One of Christian's most avidly used moves is a reverse DDT, which is about as basic as you can get; yet the fans are still very receptive to the maneuver and issue a resounding pop for its use.

Even more, most IWC fans profess how deserving Christian is of main event status, even with several signatures a child could do.

I wouldn't say The Miz's repertoire is made up of anything that mundane, so it's unfair to say that he has the most basic move-set in the WWE.

"...he has no ring presence whatsoever."

Throughout most of his matches, he taunts to the crowd, smacks around his opponents in a degrading fashion, and shouts at the referee -- all of those are actions encompassed within the wrestling attribute, "ring presence," of which Kingly One claimed Miz had none.

Before someone claims those are all fundamental heel tactics, think about Jericho's well known and adored use of the phrase, "Ask him!" That too sounds simple to use, but as a wrestler, I know how truly burdened one is by so many variables in a match.

A wrestler must remember planned spots, proper forms, and breathing techniques for bumping, how to realistically sell and struggle in various situations (pins, resting holds, etc.), and must maintain communication with the opponent when needed-and they're still expected to play to the crowd.

Matches are very complex. What might seem like a cheap taunt actually shows a strong understanding of the fundamentals, which then enables a wrestler to branch out into the higher levels of working a match.

From how I see things, these "higher levels" are exemplified in two ways: advance technical abilities or exuding ring presence. For those whom master both (Shawn Michaels), greatness awaits.

Now Kingly One, there is a point where we do come to a consensus and I know this from an older article of yours: John Morrison is the future of the WWE and for him to have been overlooked for so long is a travesty.

Though Morrison is an excellent wrestler, he is severely lacking in its opposite number; ring presence. And, unfortunately for John, that attribute is what's favored on Raw, hence the use of guys like Randy Orton and John Cena, who are far from technical geniuses but really know how to incite crowd participation. 

"What’s worse, though, is the fact that he is incapable of picking a finisher that doesn’t scream, “Hey! I don’t know any good moves, but I can do this pathetic maneuver!”"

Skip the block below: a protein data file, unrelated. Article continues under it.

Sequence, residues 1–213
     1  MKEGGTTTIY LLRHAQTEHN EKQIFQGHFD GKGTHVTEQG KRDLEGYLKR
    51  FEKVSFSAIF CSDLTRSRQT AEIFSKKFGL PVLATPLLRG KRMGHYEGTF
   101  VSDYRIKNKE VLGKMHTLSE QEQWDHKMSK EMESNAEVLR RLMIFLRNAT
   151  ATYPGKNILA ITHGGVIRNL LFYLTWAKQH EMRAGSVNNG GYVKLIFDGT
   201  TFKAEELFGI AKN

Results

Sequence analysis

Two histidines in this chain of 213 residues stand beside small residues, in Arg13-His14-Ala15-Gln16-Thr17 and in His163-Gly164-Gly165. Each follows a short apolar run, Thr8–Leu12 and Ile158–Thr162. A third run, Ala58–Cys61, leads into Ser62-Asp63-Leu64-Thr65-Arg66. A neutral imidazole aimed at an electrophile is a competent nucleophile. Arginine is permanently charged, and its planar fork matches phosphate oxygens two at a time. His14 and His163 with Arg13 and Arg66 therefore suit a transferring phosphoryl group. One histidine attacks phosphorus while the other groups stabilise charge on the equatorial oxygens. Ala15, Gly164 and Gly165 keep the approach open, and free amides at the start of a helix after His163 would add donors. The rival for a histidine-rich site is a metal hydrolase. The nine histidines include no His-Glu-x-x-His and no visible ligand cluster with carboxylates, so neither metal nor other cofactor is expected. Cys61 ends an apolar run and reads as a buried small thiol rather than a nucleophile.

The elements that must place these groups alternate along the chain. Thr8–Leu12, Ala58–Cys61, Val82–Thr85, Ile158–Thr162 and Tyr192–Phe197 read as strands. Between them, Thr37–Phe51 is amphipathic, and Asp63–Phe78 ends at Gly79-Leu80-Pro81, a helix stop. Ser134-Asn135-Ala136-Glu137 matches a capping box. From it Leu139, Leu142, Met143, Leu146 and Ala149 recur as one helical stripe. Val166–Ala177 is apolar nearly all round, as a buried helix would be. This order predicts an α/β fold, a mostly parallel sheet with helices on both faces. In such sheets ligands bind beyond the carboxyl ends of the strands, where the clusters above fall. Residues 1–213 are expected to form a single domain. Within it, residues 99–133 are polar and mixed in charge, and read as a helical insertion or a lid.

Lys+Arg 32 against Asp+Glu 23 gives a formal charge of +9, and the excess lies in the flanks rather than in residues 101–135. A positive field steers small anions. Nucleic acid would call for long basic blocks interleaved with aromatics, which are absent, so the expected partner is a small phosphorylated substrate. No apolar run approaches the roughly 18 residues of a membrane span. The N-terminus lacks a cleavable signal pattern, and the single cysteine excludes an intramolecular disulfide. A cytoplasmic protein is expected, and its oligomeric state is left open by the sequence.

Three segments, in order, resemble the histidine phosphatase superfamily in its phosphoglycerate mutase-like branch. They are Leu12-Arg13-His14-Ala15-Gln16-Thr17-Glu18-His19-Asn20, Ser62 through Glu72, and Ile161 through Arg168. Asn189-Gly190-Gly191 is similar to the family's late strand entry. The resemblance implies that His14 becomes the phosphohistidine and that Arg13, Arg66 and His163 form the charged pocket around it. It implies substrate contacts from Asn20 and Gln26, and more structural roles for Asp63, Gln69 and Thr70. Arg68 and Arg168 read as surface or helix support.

On that notion, Judging Miz's finisher by the damage it can inflict in real life application, it's more effective than an RKO (could you really imagine that working on someone in a fight?), the Pedigree (a move that is more the opponent bumping than Triple H actually doing something), and the Attitude Adjustment (a glorified back bump).

Its effectiveness is vastly superior to the aforementioned finishers. Realistically speaking, one man pressing his entire weight upon another, simultaneously sweeping away his primary object of support (the legs), would lead to a disastrous impact.

In fact, my World History teacher once described an incident at an inner city school he once taught at. When a rowdy student attacked a teacher, he did his best to subdue him. In this instance, he put him in a full nelson, but due to the student's reaction, they fell in a forward sweeping motion, very similar to the Skull Crashing Finale.

The boy's nose was crushed.

As for the originality of the move, I haven't seen anyone use it in the WWE in quite sometime and it's more unique than, let's say, a bicycle kick or, as Sheamus calls it, a "Brough Kick." A move that looks about as effective as a common big boot, but used as a finisher? Now that's laughable.

I've seen the Skull Crushing Finale countered in various ways, so when we discuss its versatility, I’d say those examples prove it’s good enough so that it can be reversed several times to lead up to the finish of a high profile match. 

"If Miz cannot have an entertaining reign with the WWE United States title where he puts on some convincing and great matches, what makes people think that things will suddenly change as soon as he is handed the most prestigious championship in wrestling today?"

Obviously he has little control over how he's booked, so you can't blame him for not putting on many remarkable matches throughout his reign; he simply wasn't given many defenses to begin with.

"Controversy" was once a hot word in the WWE, particularly when Eric Bischof was around. Even now we still hear the occasional elusion to the concept, but what does it really mean to professional wrestling?

It means to have calamity ensue over their storylines. Obviously that includes onscreen reactions, but when it extends to the fans (particularly the Internet fans); it creates unrest, and thus a greater interest in the product.

What do you do with the source of that gain? You promote it.

The Miz is controversial in kayfabe for having a boisterous character, and to the IWC fans because they question his wrestling prowess.

Why, just this past Monday night, along with Sheamus, Evan Bourne, and R-Truth, The Miz played a big role in a beautifully done near cash-in segment, with a preceding promo that accentuated the career hurdles I mentioned earlier.

Pushing Michael Mizanin likely means greater viewer interest in Raw's affairs, which might sound manipulative, but hey, WWE is still a business-they need to make money somehow.

Whether you think me gullible or what have you, I will continue to happily tune in on Monday nights, and remain fully vested in the ongoing rise of Mr. Money in the Bank, The Miz.

Like my work? Enjoy fiction? Then I encourage you to check me out on for my newest series, The Great Ascent: http://thegreatascent.blogspot .com/

Also, if you want to see Jim Ross call one last match, read Chris O'Connall's article on a petition he created: